PORTLAND, Ore. (TheStreet) -- It's been little more that two weeks since Seattle celebrated its Seahawks' first Super Bowl football championship win and the city's first major sports championship since 1979 with a parade, but that hasn't stopped certain elements of the sports world from raining on it.
With the confetti scarcely swept off the streets, Seattle got a fresh layer of dark clouds and new deluge of bad tidings from the National Basketball Association this week -- of course.
The Seahawks' parade could have doubled as a going-away party for longtime NBA Commissioner David Stern, who stepped down at the beginning of this month. Stern had not only signed off on the Seattle SuperSonics move to Oklahoma City in 2008, but last year played an instrumental role in blocking the sale of the Sacramento Kings to an ownership group that would have moved them to Seattle. With Stern gone, it was believed that new commissioner Adam Silver would be more amenable to giving Seattle an expansion team and bringing back the Sonics.
As Silver recently revealed to ESPN, the NBA is not only not planning on expanding right now, but seems to have every intention of bringing Sonics fans' worst nightmare to life. As Sonics fans learned during the proposed Sacramento Kings deal -- which ended with a Sacramento-based group buying the team with promises of massive public subsidies for a new stadium -- Seattle is now the league's bad cop to its benevolent owners. NBA front offices don't want to move their teams because a city won't mortgage its fortune on a new arena: They have to because Seattle has the money in place and appreciates a franchise more.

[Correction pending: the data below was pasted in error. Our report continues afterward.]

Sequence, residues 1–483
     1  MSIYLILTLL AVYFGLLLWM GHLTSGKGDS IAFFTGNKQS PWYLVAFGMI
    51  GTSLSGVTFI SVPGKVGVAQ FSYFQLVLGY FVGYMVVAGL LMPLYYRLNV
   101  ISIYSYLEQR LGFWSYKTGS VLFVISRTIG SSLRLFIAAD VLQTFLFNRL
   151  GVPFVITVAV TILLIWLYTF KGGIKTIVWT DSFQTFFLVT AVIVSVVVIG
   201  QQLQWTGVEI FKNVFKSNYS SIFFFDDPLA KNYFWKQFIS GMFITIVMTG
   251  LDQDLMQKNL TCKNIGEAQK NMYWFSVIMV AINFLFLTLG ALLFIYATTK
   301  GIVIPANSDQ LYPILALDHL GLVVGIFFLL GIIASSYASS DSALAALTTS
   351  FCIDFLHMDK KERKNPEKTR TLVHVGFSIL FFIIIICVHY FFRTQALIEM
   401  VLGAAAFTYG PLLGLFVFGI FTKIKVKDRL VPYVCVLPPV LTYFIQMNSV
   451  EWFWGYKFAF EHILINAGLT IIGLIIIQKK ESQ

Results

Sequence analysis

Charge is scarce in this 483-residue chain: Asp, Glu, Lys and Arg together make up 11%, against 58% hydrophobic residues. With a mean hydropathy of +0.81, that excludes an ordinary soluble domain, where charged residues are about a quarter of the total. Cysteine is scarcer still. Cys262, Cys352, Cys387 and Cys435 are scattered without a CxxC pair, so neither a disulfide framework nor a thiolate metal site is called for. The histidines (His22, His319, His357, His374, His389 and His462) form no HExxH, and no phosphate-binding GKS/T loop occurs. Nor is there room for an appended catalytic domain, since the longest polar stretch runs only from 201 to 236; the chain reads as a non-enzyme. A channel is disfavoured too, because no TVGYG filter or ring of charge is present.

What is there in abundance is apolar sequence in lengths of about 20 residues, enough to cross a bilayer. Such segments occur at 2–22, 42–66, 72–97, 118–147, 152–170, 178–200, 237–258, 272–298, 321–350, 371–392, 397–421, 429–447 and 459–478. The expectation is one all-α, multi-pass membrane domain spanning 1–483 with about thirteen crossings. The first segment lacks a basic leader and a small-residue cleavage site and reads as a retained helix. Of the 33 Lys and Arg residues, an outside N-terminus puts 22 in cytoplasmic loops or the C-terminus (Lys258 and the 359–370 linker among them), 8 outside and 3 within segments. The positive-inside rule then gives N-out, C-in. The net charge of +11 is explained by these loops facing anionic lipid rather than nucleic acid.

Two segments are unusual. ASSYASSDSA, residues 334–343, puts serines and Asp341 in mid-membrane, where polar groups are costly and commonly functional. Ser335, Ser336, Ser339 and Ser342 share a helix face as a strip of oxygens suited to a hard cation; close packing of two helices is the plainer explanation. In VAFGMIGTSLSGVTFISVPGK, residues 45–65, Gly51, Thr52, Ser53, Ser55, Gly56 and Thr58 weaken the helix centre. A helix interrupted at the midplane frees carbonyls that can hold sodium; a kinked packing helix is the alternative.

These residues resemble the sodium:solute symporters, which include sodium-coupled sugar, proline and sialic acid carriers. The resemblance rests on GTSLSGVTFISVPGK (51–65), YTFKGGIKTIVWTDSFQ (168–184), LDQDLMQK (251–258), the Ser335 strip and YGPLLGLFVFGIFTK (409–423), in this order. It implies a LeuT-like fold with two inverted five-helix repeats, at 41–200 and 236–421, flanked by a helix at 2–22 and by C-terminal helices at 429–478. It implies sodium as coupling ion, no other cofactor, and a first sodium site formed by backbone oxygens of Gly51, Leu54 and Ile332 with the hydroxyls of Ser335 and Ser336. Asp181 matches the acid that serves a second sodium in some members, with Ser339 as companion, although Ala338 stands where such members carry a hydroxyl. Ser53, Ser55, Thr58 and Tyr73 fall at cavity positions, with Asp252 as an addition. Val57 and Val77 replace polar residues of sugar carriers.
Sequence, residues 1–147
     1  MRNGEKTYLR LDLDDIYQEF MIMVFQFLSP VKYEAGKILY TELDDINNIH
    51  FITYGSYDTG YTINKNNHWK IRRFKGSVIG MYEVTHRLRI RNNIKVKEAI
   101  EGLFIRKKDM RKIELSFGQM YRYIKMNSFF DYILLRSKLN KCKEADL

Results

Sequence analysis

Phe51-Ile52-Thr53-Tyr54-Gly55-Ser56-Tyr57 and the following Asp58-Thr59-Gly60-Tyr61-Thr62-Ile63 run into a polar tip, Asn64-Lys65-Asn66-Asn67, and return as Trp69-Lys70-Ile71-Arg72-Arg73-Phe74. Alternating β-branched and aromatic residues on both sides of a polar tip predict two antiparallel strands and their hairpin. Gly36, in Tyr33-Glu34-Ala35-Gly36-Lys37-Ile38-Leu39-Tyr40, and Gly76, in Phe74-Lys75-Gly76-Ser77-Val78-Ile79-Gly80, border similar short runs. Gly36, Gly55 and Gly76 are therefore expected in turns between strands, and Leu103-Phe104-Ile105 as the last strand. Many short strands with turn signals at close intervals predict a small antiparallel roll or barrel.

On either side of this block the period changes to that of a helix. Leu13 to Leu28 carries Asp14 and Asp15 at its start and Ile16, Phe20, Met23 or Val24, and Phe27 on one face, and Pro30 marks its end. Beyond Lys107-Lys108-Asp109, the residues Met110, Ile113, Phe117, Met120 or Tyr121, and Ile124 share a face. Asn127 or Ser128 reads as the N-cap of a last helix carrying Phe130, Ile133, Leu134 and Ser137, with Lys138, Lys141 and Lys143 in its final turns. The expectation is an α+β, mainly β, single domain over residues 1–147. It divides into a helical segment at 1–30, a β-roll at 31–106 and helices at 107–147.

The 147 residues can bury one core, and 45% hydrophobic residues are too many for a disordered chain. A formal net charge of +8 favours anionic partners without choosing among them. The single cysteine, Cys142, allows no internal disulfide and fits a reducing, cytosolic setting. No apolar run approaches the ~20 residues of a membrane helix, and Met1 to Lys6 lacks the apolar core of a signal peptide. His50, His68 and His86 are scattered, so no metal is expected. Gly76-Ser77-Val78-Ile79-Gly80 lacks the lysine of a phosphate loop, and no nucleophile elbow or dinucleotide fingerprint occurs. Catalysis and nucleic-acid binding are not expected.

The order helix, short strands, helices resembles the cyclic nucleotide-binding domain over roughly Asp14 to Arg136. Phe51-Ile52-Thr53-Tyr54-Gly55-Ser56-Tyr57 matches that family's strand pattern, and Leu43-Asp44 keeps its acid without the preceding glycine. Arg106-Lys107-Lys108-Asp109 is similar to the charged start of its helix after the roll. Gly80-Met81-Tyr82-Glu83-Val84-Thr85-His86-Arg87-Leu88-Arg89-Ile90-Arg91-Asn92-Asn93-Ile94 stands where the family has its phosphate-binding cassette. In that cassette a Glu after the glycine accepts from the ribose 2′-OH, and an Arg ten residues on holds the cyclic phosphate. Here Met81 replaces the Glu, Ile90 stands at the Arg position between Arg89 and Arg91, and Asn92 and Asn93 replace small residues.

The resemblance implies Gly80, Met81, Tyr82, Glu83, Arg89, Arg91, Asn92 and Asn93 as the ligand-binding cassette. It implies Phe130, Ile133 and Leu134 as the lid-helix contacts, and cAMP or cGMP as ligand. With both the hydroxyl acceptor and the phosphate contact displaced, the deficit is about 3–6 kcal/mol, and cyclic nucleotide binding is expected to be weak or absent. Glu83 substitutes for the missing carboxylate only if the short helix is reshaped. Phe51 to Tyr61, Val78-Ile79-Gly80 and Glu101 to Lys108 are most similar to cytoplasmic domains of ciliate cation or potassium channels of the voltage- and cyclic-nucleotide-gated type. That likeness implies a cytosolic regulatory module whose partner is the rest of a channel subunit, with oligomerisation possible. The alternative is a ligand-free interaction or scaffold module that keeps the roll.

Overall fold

In other words, they have leverage and aren't about to let it go. Fans in the National Football League have seen what an empty major market in Los Angeles can do and have watched owners in Minnesota and Buffalo use it to pry hundreds of millions in stadium dollars out of the hands of taxpayers. St. Louis Rams owner Stan Kroenke may be using a similar tactic by purchasing acreage in Inglewood, Calif., just as his team hit a stalemate with its host city over stadium improvements.
Seattle already scared Sacramento into jump-starting its arena rebuilding project, and now it looks as if it's going to do the same for Milwaukee. Seattle hedge fund manager Chris Hansen and former Microsoft (MSFT) CEO Steve Ballmer offered $420 million for 72% of the Kings and agreed to a $115 million relocation, $200 million to repay bonds issued for a new arena and $80 million to buy land in south Seattle for the new building. Keep that roughly $800 million figure in mind when considering that Commissioner Silver just told the owners of the Milwaukee Bucks in September that their home at the Bradley Center wasn't good enough to host an NBA franchise.